20 August 2018
Effective rehabilitation is a major challenge for the many active and legacy mines across northern Australia, with best practice mine site rehabilitation aiming for ecosystem restoration, not just revegetation.
With the NT’s Ranger uranium mine due to be rehabilitated by 2026, it’s important to know which animals should be living at the site if rehabilitation is successful. A new Hub project led by Professor Alan Andersen of Charles Darwin University will help inform rehabilitation at Ranger and other mine sites by setting benchmarks for both vertebrate and invertebrate animals.
Professor Andersen recently became the first Northern Territorian to be elected a Fellow of the Australian Academy of Science for his outstanding work in the field of ant community ecology, and his invertebrate expertise will guide the project in surveying and identifying invertebrates present at natural reference sites adjacent to the mine and in the surrounding Kakadu National Park.
The project will also analyse long-term vertebrate monitoring data from Kakadu to develop potential faunal closure criteria that both incorporate international standards of ecosystem restoration and meet the rehabilitation objectives for the Ranger mine. This project is partnering with the Department of Agriculture, Water and the Environment’s Supervising Scientist Branch, the Northern Territory Government and Energy Resources of Australia Ltd.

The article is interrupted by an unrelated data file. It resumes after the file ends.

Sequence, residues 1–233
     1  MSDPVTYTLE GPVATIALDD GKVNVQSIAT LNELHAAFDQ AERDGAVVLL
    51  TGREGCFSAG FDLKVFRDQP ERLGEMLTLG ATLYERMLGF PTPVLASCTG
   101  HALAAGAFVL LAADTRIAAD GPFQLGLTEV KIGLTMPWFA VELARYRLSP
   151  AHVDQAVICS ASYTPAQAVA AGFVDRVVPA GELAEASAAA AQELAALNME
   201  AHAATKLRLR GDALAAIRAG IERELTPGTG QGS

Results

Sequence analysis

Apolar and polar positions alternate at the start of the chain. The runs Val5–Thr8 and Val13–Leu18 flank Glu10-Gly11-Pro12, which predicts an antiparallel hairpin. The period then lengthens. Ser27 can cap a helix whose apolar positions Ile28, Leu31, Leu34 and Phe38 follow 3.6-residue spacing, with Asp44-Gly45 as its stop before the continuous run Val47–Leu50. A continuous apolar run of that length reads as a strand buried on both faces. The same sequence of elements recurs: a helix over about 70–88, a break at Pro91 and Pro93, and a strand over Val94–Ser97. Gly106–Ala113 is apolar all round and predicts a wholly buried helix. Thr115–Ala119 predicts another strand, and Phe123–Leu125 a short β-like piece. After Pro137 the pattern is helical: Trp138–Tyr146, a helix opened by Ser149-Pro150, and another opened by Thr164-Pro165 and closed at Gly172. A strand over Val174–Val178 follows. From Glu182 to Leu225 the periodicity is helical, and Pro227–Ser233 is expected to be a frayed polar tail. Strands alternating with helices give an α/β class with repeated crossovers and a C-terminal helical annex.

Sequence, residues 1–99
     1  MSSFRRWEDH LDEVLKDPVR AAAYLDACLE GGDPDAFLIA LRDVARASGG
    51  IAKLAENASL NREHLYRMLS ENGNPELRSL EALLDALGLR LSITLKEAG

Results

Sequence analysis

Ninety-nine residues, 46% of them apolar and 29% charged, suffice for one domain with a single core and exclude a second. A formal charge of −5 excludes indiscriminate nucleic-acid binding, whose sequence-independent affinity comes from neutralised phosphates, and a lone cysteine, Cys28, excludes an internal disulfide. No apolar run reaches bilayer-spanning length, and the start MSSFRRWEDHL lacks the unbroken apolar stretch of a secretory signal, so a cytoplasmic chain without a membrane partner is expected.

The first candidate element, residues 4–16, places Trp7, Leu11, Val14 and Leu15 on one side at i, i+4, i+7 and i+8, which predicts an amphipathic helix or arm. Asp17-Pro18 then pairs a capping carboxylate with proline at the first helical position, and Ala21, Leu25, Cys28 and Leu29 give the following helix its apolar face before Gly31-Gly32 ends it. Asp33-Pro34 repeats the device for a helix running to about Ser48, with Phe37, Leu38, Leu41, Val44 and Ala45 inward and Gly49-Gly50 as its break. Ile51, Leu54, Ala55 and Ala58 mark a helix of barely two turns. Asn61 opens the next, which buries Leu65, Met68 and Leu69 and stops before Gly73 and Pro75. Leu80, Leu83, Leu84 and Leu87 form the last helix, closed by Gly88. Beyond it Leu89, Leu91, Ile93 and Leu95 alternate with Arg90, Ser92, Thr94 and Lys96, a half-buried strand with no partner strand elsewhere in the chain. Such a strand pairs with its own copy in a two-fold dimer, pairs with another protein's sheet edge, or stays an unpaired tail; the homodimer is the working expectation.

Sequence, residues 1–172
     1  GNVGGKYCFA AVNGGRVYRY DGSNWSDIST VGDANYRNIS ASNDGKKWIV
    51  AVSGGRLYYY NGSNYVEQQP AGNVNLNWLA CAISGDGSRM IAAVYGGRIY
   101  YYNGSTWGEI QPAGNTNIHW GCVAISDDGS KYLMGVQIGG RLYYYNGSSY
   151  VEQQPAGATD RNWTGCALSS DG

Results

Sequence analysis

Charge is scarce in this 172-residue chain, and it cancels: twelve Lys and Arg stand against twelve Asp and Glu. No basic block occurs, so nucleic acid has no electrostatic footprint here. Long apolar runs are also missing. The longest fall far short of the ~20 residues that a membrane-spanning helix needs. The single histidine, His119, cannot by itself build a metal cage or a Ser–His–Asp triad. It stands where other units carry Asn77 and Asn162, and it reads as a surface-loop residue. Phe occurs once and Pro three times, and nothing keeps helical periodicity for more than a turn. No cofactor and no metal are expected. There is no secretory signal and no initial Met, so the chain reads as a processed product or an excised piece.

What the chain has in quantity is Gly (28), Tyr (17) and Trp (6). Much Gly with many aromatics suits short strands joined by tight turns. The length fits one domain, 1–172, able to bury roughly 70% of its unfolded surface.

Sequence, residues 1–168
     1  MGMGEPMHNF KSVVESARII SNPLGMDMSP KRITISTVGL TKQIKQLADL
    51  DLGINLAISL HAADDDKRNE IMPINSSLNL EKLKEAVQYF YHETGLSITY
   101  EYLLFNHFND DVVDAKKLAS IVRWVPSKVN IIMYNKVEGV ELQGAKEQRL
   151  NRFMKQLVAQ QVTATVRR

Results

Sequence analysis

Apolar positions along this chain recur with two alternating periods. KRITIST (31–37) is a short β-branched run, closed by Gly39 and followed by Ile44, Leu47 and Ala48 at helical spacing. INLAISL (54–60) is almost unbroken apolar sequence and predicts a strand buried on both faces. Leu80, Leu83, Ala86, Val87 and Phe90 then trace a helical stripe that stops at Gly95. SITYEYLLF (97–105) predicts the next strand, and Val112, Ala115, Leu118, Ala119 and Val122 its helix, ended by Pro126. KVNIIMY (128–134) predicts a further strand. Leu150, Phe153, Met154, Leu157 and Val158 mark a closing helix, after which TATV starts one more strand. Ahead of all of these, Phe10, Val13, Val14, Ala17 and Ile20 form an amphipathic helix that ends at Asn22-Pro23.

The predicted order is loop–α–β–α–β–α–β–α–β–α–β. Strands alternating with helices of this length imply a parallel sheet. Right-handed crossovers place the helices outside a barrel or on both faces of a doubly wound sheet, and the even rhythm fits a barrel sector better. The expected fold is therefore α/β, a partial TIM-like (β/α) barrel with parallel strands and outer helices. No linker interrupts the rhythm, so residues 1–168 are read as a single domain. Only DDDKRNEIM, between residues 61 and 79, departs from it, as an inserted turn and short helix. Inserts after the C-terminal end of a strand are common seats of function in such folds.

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How sensitive are riparian trees to contaminated mine water? Magela Creek, in Kakadu National Park, flows through the Ranger uranium […]
Northern Australia’s rich and unique biodiversity faces many threats including weeds, feral animals and inappropriate fire regimes. Gamba grass is […]
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